The 12-item Partners in Health scale (PIH) was developed in Australia to measure self-management behaviour and knowledge in patients with chronic diseases, and has undergone several changes. Our aim was to assess the construct validity and reliability of the latest PIH version in Dutch COPD patients.
The 12 items of the PIH, scored on a self-rated 9-point Likert scale, are used to calculate total and subscale scores (knowledge; coping; recognition and management of symptoms; and adherence to treatment). We used forward-backward translation of the latest version of the Australian PIH to define a Dutch PIH (PIH(Du)). Mokken Scale Analysis and common Factor Analysis were performed on data from a Dutch COPD sample to investigate the psychometric properties of the Dutch PIH; and to determine whether the four-subscale solution previously found for the original Australian PIH could be replicated for the Dutch PIH.
Two subscales were found for the Dutch PIH data (n = 118); 1) knowledge and coping; 2) recognition and management of symptoms, adherence to treatment. The correlation between the two Dutch subscales was 0.43. The lower-bound of the reliability of the total scale equalled 0.84. Factor analysis indicated that the first two factors explained a larger percentage of common variance (39.4% and 19.9%) than could be expected when using random data (17.5% and 15.1%).
Citation: Lenferink A, Effing T, Harvey P, Battersby M, Frith P, van Beurden W, et al. (2016) Construct Validity of the Dutch Version of the 12-Item Partners in Health Scale: Measuring Patient Self-Management Behaviour and Knowledge in Patients with Chronic Obstructive Pulmonary Disease. PLoS ONE 11(8): e0161595. https://doi.org/10.1371/journal.pone.0161595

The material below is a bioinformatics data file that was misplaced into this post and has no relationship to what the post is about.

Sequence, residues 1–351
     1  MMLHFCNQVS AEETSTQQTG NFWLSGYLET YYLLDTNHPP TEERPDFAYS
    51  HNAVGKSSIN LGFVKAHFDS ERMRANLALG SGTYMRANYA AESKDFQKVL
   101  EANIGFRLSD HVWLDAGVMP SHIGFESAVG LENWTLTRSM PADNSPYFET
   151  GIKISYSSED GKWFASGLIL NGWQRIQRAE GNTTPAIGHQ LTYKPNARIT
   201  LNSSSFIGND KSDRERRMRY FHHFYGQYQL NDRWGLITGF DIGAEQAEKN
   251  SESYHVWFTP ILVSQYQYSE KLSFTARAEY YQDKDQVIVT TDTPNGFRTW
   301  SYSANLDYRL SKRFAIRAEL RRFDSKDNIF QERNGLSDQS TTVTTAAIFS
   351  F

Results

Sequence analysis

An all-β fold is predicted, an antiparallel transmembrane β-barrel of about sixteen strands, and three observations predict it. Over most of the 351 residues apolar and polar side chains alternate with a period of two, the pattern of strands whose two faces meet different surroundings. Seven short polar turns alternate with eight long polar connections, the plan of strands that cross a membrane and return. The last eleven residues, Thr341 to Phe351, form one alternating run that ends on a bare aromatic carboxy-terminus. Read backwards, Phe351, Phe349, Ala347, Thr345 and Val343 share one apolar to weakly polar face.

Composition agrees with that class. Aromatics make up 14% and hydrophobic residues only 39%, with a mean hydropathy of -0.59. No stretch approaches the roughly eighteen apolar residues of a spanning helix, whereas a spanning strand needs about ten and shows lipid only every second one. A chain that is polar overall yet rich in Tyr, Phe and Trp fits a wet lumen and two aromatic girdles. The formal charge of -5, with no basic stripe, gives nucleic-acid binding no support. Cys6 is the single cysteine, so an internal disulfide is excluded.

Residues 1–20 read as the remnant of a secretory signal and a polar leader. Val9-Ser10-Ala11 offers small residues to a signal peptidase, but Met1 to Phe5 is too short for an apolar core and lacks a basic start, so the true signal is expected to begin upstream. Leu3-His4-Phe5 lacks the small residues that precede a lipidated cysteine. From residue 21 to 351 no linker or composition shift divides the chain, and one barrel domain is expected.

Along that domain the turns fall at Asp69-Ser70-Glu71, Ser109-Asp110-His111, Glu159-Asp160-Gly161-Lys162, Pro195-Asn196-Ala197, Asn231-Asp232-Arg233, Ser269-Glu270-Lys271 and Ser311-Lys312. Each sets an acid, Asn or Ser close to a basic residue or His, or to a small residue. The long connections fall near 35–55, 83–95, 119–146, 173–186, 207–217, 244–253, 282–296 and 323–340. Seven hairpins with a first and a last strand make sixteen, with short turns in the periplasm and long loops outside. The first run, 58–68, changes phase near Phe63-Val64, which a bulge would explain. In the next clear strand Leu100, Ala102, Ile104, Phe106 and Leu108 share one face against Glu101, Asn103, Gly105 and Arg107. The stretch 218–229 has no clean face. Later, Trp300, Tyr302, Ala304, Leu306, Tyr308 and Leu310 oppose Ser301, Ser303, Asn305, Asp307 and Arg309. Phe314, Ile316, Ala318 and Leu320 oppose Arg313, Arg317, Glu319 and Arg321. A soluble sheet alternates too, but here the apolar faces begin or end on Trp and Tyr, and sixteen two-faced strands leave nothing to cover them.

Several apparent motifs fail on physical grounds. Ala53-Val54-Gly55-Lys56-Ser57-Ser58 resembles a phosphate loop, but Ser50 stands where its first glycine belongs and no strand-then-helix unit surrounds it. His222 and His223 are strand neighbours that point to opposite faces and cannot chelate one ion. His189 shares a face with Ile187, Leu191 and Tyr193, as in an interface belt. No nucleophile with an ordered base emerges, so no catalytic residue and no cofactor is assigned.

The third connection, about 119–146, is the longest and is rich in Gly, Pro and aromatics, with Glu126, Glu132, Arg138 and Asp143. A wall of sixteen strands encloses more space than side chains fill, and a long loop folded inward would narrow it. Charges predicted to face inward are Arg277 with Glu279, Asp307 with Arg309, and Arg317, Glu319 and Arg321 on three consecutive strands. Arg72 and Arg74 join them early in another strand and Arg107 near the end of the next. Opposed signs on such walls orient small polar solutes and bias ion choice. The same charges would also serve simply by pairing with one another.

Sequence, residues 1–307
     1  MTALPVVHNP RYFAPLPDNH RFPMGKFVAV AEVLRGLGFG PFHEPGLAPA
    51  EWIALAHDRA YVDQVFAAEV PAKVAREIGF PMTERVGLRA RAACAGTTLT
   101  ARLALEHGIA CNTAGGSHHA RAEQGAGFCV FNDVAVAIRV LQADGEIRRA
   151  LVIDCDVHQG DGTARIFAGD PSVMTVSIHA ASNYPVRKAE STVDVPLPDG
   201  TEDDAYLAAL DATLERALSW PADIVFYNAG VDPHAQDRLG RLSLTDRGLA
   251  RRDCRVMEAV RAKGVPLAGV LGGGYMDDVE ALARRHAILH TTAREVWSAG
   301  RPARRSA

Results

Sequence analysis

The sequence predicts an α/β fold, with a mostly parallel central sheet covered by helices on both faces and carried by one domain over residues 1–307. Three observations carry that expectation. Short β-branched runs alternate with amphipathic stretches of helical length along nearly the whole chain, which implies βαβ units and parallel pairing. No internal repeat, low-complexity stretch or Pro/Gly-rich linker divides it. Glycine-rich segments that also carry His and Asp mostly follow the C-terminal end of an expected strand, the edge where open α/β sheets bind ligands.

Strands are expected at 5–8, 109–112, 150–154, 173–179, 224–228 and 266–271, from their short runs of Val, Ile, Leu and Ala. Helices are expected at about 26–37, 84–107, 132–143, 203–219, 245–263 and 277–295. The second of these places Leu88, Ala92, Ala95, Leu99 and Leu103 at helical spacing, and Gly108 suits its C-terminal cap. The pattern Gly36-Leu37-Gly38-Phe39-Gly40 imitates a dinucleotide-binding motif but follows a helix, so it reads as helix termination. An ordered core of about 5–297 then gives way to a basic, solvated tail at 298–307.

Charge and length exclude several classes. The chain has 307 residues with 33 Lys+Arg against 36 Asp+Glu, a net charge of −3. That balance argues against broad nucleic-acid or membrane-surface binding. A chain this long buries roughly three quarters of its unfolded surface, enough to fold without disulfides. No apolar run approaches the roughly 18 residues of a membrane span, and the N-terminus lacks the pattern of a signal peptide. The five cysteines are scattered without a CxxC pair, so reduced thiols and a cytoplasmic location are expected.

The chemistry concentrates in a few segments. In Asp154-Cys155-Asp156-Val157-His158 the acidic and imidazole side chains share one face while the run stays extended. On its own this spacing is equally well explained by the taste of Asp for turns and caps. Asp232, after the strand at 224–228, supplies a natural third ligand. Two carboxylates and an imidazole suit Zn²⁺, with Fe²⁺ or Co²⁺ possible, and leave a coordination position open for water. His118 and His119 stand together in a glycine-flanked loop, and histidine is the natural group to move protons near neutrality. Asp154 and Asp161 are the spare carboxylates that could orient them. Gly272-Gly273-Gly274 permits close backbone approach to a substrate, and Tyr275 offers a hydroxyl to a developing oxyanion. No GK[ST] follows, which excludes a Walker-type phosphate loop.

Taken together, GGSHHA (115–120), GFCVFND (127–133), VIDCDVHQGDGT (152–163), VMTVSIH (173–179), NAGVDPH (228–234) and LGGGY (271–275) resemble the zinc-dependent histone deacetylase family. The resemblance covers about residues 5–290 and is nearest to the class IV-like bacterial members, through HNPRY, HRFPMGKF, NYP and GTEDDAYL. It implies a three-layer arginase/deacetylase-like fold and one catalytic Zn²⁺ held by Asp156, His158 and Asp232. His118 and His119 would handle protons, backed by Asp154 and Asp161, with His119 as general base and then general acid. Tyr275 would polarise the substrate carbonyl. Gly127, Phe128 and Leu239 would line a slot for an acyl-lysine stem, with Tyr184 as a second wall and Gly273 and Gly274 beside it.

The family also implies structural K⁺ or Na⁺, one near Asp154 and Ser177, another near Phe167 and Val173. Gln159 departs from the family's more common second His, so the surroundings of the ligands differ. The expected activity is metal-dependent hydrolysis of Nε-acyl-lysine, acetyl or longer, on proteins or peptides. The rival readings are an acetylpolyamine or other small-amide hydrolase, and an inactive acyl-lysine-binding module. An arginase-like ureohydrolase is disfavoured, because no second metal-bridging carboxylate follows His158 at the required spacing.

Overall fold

Editor: Ray Borrow, Public Health England, UNITED KINGDOM
Received: January 22, 2016; Accepted: August 8, 2016; Published: August 26, 2016
Copyright: © 2016 Lenferink et al. This is an open access article distributed under the terms of the Creative Commons Attribution License, which permits unrestricted use, distribution, and reproduction in any medium, provided the original author and source are credited.
Data Availability: All relevant data are within the paper and its Supporting Information files. All data are from the COPE-III study whose authors may also be contacted at Medisch Spectrum Twente, Department of Pulmonary Disease, Enschede, the Netherlands.
Funding: This study was supported by the Lung Foundation Netherlands (grant number 3.4.11.061). URL: https://www.longfonds.nl/. The funder had no role in study design, data collection and analysis, decision to publish, or preparation of the manuscript.
Competing interests: The authors have read the journal's policy and have the following competing interests: PH and MB have competing interests as the developers of PIH, but both have no personal financial interests. The other authors have declared that no competing interests exist. This does not alter the authors' adherence to PLOS ONE policies on sharing data and materials.